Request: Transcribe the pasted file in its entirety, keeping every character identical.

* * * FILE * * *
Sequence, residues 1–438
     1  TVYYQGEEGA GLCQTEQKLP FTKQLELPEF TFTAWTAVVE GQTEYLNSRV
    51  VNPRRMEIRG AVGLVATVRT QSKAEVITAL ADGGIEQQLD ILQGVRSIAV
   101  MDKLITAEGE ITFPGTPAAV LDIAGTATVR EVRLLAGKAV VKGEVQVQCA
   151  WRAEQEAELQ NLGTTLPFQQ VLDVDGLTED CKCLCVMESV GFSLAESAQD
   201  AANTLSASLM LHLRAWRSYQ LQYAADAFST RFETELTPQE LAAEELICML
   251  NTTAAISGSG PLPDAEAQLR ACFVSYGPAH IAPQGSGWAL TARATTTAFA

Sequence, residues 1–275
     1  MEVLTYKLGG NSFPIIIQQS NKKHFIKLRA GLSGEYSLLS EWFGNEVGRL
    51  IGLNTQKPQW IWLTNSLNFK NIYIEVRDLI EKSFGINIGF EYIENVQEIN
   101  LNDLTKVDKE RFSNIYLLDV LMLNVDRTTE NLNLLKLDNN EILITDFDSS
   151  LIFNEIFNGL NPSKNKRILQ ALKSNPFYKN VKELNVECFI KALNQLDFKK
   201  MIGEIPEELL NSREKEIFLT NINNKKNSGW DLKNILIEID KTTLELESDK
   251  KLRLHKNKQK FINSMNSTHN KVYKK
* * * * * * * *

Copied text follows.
Sequence, residues 1–438
     1  TVYYQGEEGA GLCQTEQKLP FTKQLELPEF TFTAWTAVVE GQTEYLNSRV
    51  VNPRRMEIRG AVGLVATVRT QSKAEVITAL ADGGIEQQLD ILQGVRSIAV
   101  MDKLITAEGE ITFPGTPAAV LDIAGTATVR EVRLLAGKAV VKGEVQVQCA
   151  WRAEQEAELQ NLGTTLPFQQ VLDVDGLTED CKCLCVMESV GFSLAESAQD
   201  AANTLSASLM LHLRAWRSYQ LQYAADAFST RFETELTPQE LAAEELICML
   251  NTTAAISGSG PLPDAEAQLR ACFVSYGPAH IAPQGSGWAL TARATTTAFA

Sequence, residues 1–275
     1  MEVLTYKLGG NSFPIIIQQS NKKHFIKLRA GLSGEYSLLS EWFGNEVGRL
    51  IGLNTQKPQW IWLTNSLNFK NIYIEVRDLI EKSFGINIGF EYIENVQEIN
   101  LNDLTKVDKE RFSNIYLLDV LMLNVDRTTE NLNLLKLDNN EILITDFDSS
   151  LIFNEIFNGL NPSKNKRILQ ALKSNPFYKN VKELNVECFI KALNQLDFKK
   201  MIGEIPEELL NSREKEIFLT NINNKKNSGW DLKNILIEID KTTLELESDK
   251  KLRLHKNKQK FINSMNSTHN KVYKK